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Beldani
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Posts: 4
Location: Canada

PostPosted: Tue Dec 01, 2015 7:44 pm    Post subject: Reply with quote

Here's the pic of the driver showing the detached surround. Just a bit of dust (some ongoing renovations in the house).
http://i.imgur.com/xeNpHOa.jpg
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speakerguru
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PostPosted: Wed Dec 02, 2015 5:00 pm    Post subject: Reply with quote

have a look at http://www.hifiloudspeakers.info/speakertalk/viewtopic.php?t=1751 for general last resort stuff regarding trying to save everything you can before attempting a rebuild.

If the old voice coil is fried, then you'll need to re-wind one or find something via ebay or similar. You will have to estimate the winding from whatever measurements you can make while dismantling. If the other channel is good then you will know the d.c. resistance to aim for. Early KEF coils were wound with an inside diameter to clear a 1.000" polepiece by about 0.007" radially. The winding was always two layers and 0.5" long in a 0.25" magnet gap (thickness of to[ plate) or later often a 10mm winding with a 5mm thick top plate. You can calculate the wire gauge from the wind dimensions and the required d.c. R. from first principles. Wire gauges were B.S. with grade 1 coatings. Plenty to go on without drawings but you will need calipers and a micrometer. A friend with a lathe would be good too. Good luck.
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Beldani
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Joined: 13 Nov 2015
Posts: 4
Location: Canada

PostPosted: Wed Dec 02, 2015 8:17 pm    Post subject: Reply with quote

Wow! Thanks SG.

I verified and sure enough the surround is intact and indeed the card ring delaminated. Most of it, but not all, is on the surround. Before I glue back on, should I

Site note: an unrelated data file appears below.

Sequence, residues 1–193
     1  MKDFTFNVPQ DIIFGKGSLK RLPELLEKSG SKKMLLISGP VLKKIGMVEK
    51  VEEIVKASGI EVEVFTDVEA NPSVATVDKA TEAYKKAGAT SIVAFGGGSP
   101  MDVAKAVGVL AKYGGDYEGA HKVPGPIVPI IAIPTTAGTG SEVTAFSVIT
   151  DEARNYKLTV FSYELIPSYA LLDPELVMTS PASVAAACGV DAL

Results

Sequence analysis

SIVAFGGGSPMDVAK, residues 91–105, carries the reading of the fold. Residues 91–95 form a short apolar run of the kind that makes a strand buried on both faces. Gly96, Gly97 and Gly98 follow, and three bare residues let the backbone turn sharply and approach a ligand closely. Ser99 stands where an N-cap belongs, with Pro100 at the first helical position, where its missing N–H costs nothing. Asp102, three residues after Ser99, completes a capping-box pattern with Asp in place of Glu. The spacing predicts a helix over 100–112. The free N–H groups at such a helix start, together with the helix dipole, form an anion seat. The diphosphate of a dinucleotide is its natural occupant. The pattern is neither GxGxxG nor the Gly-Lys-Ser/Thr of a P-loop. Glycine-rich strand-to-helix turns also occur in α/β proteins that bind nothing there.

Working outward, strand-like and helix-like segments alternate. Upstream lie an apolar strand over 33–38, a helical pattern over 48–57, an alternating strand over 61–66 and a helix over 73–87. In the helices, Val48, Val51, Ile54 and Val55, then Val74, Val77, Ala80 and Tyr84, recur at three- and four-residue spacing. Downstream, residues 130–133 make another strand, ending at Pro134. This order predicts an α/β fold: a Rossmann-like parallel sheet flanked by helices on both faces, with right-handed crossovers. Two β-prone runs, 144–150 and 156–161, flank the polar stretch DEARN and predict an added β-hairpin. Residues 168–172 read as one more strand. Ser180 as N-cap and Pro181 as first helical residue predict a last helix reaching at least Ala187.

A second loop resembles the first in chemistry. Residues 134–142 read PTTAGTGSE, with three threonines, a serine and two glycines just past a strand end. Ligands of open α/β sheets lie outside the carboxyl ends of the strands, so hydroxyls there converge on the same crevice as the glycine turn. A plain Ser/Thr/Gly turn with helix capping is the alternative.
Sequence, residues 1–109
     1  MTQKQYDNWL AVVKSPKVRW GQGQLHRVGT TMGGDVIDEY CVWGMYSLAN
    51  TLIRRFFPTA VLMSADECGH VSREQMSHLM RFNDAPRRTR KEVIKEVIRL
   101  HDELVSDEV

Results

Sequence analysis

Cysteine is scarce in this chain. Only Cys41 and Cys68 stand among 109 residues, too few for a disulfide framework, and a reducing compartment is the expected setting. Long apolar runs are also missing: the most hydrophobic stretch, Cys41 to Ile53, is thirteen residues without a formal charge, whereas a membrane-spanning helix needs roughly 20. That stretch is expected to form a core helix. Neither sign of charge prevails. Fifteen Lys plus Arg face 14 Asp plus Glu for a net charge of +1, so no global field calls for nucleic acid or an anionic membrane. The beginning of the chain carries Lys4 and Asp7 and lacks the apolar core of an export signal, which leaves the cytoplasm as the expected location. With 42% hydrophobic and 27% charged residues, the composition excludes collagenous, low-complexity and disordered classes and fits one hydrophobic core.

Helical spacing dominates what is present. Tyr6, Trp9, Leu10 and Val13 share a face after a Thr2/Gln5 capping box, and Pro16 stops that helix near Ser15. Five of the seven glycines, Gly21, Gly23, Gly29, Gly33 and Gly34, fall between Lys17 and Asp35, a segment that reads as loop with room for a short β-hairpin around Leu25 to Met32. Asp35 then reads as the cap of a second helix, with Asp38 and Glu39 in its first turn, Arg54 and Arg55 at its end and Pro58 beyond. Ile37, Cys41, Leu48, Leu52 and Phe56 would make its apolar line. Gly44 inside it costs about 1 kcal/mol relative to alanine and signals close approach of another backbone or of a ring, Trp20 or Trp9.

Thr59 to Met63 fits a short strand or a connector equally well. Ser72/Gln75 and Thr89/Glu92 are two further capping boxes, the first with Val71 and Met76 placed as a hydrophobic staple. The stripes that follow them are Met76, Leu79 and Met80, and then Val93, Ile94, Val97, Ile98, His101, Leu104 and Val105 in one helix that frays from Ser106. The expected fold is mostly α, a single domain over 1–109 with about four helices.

1- leave as is
2- remove the card ring and glue the surround directly to the basket
3- remove the card ring and either make or buy a new one

I'll have to read up on calculating the gauge, as I'm not familiar with the principles. Thanks for pointing me in that direction.

As a side note, after months of on and off research preparing for this project, I have never seen a video or read a text with the presence of a card ring between the surround and basket. Is this specific to KEF, the period these were built, or other? Just curious.
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speakerguru
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PostPosted: Wed Dec 02, 2015 9:05 pm    Post subject: Reply with quote

The pvc surround material was very difficult to stick using the adhesives of that era. Vacuum-forming and sticking to card which could then be stuck to the chassis was a very effective workaround. The card also helped to keep the surround shape stable during storage, handling and assembly.

If your card de-lams nicely, leave it and reuse it. The thickness is not critical. If it comes away from the surround then you'll have to make up a new card or paper ring for re - assembly.

Wire tables will include an ohms/metre figure. All you need to do to get the total resistance is calculate the length of wire needed to wind a 2 layer cylinder of appropriate dimensions. Use a spreadsheet like Excel for your calculations. It will be easier to step through the available wire gauges in that way. You can assume zero clearance between turns and layers but do allow for the enamel coating to get winding length from the number of turns. The nominal wire size is the uncoated copper diameter.